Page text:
Tuesday, April 14, 2015


*(I took a bad fall while climbing in Joshua Tree a few weeks back and since then, I can not draw; I mean I can put pen to paper but what comes out is another thing. It's distressing but the truth. Just giving you a head's up on this awkward situation.)


Let's just suppose, while I was climbing in Joshua Tree...

(What the heck, what is this? A mime?)

...I had fallen on my head instead of my back...

and let's just suppose I had died instantly, instead of living. And the nurse (at the Palm Springs ER where I ended up) came to collect my brain fragments and she, Nurse Ratchet we'll call her, laid the pieces out on the boulders to dry, and like a meat chart.... 

....she points to sections of the brain intact, and those not intact, and says, See here, see how this frontal lobe is void of the requisite feelings of forgiveness, and this area, where deep empathy resides, is severely deficient ('147 Nigerians dead,' hardly comprehended, but 'He shot puppy, point blank range,' grasped immediately)...
...and appreciation for all the little things and for all the little problems of the everyday, for the people in her life, that center proves to be missing. What do we call that area, it's got a name, it'll come to me....

But here! Take a look! The only part left intact is this area we call the Rattus Callosum. Here she's able to absorb the nuanced comings and goings of rodents. Go figure. But other than that, Nurse Ratchet says while wiping her hands clean, we can pretty much trash the whole thing.


But...but, luckily that didn't happen, I landed on my back first,

...then my head, and rolled backwards down the rocks until a boulder stopped me. My head was surprisingly sturdy, no concussion, and although my back took a beating— couldn't walk and had to be airlifted out— two weeks later I'm walking, and I see people everyday making their way in much worse shape than I. How do people live with such pain, I wonder. No spiritual insights here, I've tried, but the one thought that keeps recurring is how incredibly lucky I was.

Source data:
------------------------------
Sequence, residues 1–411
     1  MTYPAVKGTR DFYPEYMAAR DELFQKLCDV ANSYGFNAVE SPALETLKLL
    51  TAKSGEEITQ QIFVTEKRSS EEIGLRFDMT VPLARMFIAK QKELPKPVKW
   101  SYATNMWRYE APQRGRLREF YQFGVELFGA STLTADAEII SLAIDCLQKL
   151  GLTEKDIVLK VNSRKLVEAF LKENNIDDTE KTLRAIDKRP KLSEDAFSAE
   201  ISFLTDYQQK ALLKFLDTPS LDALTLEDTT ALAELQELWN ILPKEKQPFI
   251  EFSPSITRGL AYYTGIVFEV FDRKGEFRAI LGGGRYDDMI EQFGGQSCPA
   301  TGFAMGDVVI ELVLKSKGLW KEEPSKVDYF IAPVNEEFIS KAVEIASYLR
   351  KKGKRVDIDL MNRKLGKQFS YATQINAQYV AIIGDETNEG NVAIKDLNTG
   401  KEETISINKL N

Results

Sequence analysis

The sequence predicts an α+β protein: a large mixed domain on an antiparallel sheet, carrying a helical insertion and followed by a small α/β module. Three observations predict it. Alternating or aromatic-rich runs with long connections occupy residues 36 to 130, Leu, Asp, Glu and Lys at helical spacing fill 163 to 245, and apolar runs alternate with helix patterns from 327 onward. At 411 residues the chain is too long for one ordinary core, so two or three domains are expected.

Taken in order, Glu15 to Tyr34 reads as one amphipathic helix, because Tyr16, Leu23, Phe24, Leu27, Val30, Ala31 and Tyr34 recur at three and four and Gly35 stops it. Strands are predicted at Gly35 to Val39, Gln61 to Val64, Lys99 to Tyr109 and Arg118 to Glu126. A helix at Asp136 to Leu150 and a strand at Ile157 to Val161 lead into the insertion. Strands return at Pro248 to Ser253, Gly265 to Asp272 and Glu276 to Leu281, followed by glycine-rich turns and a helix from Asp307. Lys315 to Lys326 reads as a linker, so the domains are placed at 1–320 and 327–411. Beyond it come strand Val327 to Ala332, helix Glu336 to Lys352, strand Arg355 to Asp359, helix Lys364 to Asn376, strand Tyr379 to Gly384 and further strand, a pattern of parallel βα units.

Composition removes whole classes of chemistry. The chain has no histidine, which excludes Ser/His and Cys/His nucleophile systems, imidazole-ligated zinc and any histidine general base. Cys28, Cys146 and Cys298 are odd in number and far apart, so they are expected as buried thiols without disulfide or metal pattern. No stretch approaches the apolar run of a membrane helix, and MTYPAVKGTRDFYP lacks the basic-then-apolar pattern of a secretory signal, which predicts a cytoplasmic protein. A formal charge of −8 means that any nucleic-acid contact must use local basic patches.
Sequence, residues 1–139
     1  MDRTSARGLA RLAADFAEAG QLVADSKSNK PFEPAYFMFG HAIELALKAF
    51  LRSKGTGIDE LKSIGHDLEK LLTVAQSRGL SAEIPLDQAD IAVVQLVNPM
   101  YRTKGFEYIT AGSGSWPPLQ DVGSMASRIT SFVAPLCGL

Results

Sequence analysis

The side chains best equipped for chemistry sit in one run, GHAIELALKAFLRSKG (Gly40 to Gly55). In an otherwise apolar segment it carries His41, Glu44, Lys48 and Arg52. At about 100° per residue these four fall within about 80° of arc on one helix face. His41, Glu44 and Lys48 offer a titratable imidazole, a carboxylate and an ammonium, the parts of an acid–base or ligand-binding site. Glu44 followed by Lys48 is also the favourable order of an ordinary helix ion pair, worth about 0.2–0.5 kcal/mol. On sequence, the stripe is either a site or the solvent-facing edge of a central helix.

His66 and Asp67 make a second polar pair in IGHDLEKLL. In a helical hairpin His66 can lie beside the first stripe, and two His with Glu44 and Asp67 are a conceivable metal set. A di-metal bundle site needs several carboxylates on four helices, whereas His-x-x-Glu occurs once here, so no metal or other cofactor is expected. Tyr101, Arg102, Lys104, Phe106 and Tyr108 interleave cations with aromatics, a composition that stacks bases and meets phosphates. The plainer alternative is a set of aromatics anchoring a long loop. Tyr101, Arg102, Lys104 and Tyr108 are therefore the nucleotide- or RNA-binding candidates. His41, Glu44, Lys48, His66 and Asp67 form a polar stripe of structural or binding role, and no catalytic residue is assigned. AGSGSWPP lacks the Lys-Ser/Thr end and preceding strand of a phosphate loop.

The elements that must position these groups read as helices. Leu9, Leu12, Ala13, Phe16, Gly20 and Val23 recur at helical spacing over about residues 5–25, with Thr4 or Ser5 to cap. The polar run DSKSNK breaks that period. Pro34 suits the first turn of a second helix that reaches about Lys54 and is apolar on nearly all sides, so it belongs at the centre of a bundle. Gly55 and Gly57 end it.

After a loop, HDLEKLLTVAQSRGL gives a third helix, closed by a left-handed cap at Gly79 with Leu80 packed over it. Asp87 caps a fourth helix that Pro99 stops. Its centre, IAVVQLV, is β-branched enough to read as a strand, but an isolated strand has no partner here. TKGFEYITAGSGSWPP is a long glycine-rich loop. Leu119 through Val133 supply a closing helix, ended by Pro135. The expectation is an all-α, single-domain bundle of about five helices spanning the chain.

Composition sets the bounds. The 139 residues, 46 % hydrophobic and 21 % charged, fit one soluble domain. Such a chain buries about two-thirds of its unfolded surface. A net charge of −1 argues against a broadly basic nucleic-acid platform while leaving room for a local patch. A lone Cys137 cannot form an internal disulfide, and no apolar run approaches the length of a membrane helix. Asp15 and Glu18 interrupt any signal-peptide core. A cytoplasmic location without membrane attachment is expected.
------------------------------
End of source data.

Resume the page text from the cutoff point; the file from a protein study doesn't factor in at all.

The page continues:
Afterwards, in the hospital, while waiting for the test results, my nurse, Nurse Ratchet, casually waltzes in the room and announces, "I know the doctors wouldn't like me telling you this, but they found a tumor in your brain."

Then she turns to my brother, who was with me when I fell, and says, "Oh I heard you were looking for something to eat. I know a place with the most delicious crusty bread! Let me tell you how to get there."

They spend the next 5 minutes talking crusty bread and directions, while I'm thinking, I have a brain tumor?! A Brain Tumor!?! A tumor in my brain?!? What the fuck?!!?

By the time the doc comes in to tell me I'm okay, I'm in a state. He says nothing about a brain tumor. I ask tentatively, "The nurse said something about, uh, my brain?" "Oh that," he says, "nothing to worry about it's called a M_____, totally benign, You'll want to keep an eye on it." And he leaves. 

Where is that horrible nurse? If I wasn't hooked up on morphine, I'd kill her. Oh god, here she comes, she insists I get out of bed and walk. If I don't I won't be discharged. She practically drags me out of bed. I walk only so I can get out of that room with its ringing bells and sobbing family members— someone has died next door, I hear their plaintive calls through the wall.

I must get out of here! 

I make my way slowly down the hall, and not that I want to but I must hold on to this woman, as painful as it is. 

A beautiful older black woman sitting in the hall looks at me and says,

Kindness. Her words sting me with their kindness.

That's the part that's missing. The brain deficiency, what's lacking. I knew it had a name.